So the question for Britain is whether this is really a sensible way to proceed. If two of the leading cycling cities in Britain – two places showing willingness to change their roads, and to experiment – are still managing to get things wrong, but in different ways, doesn’t that suggest a desperate need for some of kind of national pooling of design experience and expertise, so that both cities are arriving at the best possible outcomes, and – perhaps even more importantly, towns and cities across the country can get things right straight away, without making the same kinds of mistakes as the leading cities?
It’s admirable what Leicester and London are doing, but – particularly in the case of Leicester – a lot of what they’re doing simply isn’t up to standard. They’re fumbling towards the light, and if willing authorities are still struggling, the outlook for places with little or no interest or expertise in designing for cycling is desperately bleak.
It really doesn’t have to be this way. We know what works. We know the best ways to build cycling infrastructure, because we’re now actually getting it right in Britain, even if we’re not getting absolutely everything right in the same place. So rather than leaving local authorities to stumble upon it – and probably get a good deal of it wrong, even if they’re trying their best – why on earth are we not putting all the good stuff in one place? In some kind of easy-to-use manual, showing local authorities the absolute best ways to deal with side roads; to deal with signalised junctions; to build kerbs; and so on. All of the kinds of things that local authorities across the country are having to find out for themselves, in a ridiculous duplication of effort, with poor and wasteful outcomes.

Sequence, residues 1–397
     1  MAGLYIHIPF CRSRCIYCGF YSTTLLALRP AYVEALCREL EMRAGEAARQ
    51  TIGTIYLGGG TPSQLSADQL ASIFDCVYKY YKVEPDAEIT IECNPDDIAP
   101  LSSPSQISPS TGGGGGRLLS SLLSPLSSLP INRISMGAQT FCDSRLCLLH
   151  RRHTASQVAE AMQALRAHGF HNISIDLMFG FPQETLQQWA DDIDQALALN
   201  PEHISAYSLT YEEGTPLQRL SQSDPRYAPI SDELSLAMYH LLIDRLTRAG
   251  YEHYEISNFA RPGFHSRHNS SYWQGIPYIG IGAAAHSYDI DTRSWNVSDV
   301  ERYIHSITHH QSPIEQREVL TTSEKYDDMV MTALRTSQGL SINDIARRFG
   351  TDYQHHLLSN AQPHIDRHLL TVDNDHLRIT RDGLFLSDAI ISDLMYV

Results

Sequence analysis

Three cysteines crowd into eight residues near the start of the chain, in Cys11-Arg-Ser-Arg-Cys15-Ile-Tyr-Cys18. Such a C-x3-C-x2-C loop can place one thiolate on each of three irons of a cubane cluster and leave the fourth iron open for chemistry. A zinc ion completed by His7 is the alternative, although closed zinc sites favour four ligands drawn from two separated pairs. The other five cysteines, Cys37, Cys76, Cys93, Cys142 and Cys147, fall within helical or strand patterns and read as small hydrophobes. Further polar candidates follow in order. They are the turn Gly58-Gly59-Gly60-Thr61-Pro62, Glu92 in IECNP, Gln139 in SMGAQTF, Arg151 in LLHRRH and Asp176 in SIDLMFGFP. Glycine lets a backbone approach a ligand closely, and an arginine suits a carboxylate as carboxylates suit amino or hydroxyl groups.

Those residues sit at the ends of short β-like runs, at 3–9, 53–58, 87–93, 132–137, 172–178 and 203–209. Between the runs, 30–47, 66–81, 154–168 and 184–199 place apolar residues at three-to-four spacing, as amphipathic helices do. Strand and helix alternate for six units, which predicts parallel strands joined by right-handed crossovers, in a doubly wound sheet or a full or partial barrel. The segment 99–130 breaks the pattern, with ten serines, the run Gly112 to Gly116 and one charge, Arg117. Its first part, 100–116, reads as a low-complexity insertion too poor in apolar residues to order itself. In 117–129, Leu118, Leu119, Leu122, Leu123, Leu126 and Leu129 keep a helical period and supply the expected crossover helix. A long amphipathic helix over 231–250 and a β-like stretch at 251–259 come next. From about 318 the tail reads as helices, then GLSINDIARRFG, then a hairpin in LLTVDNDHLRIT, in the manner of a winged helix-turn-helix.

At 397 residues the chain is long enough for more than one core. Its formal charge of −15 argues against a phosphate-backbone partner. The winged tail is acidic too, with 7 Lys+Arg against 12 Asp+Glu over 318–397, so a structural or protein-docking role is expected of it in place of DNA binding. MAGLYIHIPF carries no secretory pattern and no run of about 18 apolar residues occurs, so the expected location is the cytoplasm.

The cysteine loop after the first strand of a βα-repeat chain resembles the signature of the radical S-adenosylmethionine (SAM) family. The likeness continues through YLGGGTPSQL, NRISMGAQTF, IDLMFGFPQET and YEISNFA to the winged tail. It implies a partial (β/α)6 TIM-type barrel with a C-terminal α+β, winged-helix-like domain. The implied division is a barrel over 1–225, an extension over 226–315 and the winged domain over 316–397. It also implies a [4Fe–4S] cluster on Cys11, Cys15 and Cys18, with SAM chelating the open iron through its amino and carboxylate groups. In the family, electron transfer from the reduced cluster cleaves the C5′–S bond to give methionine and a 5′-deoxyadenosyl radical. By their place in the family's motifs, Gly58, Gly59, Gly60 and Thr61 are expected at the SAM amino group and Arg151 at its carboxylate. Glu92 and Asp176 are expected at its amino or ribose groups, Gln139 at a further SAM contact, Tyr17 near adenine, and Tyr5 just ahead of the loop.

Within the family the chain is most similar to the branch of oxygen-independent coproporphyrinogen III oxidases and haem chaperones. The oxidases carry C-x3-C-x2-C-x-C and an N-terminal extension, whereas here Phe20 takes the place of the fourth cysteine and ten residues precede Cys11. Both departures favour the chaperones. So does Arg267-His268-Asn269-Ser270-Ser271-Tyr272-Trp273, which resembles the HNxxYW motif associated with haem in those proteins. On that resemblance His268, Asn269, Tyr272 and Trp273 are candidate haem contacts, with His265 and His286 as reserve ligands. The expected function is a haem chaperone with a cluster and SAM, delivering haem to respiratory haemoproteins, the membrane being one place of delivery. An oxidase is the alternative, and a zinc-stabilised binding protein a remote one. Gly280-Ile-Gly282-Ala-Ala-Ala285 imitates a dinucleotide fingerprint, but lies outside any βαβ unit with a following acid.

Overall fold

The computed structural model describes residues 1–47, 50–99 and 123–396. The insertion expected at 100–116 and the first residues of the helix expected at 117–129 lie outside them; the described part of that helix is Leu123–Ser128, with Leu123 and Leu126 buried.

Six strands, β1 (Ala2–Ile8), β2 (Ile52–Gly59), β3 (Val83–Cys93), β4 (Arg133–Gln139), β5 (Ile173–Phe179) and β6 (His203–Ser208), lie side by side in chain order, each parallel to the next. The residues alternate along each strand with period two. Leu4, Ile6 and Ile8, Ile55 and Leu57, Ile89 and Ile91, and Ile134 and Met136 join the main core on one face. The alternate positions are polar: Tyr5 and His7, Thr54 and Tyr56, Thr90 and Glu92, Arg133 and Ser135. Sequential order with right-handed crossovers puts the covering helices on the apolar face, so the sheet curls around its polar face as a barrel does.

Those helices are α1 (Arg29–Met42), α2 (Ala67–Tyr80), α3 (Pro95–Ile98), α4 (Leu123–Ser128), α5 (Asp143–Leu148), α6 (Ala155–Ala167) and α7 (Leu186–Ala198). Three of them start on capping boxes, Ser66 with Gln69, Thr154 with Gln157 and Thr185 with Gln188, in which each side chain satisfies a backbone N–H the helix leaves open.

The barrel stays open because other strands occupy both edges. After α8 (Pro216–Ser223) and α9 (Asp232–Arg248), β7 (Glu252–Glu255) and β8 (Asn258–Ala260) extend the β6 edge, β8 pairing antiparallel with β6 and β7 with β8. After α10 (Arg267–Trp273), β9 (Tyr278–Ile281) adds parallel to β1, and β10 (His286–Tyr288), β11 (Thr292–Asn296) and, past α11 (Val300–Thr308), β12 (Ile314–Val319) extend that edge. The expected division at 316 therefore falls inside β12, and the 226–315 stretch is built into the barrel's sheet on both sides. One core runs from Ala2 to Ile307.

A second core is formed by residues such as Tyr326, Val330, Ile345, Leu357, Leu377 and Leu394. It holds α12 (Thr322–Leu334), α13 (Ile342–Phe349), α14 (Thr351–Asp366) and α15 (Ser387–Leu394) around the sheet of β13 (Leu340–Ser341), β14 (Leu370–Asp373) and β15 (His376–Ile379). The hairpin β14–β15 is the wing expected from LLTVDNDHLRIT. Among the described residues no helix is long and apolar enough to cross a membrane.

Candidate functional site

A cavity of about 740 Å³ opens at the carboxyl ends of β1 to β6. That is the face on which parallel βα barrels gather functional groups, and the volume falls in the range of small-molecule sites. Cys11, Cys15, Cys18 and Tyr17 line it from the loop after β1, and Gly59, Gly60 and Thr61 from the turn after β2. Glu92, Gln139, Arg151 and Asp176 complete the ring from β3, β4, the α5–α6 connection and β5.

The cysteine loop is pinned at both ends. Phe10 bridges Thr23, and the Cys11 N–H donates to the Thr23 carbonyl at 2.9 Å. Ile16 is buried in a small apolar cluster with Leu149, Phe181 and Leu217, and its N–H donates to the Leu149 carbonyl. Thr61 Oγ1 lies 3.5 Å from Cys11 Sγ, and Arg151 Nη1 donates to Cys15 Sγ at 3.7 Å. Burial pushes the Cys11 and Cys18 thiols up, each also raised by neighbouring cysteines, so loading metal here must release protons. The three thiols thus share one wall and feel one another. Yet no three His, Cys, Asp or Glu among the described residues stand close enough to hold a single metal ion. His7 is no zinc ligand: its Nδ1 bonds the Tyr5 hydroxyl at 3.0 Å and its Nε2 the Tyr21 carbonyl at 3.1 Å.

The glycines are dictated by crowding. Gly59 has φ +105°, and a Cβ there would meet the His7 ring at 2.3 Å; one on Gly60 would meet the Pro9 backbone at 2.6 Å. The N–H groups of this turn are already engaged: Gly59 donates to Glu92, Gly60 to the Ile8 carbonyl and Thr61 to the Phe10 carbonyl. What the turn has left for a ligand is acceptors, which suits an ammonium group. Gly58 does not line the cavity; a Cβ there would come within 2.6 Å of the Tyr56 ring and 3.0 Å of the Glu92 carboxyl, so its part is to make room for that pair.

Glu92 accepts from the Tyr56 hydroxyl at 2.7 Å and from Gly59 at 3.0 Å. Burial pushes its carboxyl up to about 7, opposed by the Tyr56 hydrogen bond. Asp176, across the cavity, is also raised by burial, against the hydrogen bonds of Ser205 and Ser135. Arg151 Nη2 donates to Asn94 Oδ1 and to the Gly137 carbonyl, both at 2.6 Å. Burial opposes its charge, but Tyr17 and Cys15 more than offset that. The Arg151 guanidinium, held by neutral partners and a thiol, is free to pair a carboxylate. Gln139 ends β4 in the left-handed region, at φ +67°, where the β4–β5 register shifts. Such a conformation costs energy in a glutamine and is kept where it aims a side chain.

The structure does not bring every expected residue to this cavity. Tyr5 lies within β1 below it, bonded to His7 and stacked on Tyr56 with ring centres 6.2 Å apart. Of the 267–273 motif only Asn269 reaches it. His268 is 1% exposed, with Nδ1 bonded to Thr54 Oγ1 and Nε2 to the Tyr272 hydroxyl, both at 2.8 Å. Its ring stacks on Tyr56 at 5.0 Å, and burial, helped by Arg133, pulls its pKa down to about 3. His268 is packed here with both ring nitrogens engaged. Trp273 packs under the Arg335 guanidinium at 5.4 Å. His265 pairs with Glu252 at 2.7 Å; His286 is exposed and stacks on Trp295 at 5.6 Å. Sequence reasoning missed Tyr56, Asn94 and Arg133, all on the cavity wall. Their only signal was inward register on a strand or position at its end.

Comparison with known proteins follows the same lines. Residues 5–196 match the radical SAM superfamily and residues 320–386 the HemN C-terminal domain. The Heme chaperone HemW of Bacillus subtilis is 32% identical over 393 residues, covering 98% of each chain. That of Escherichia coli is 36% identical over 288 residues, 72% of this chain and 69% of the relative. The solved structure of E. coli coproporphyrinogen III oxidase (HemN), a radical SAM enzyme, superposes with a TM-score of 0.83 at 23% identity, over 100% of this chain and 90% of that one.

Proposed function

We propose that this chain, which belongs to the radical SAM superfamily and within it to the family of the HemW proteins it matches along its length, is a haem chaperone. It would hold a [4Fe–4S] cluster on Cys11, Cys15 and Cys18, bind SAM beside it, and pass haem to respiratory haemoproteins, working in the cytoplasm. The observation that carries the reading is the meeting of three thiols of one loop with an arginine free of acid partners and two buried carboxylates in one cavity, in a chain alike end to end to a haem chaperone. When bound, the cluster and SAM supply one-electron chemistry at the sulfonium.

‘Localism’ should really mean giving local authorities the freedom to build high quality cycling infrastructure, drawn from design elements included in Department for Transport-endorsed standards. It certainly should not mean leaving local authorities to work it all out for themselves, one-by-one. Because that’s just idiotic.
For Gladsaxe’s many cyclists, ‘tunnel vision’ will take on a completely new and luminous meaning in the near future, when tunnels are fitted with spectacular new interactive orange “wheels”. Twelve tunnels will light the way of cyclists to spectacular effect in the Danish Municipality of Gladsaxe along the Farum Cycle Super Highway, a network of […]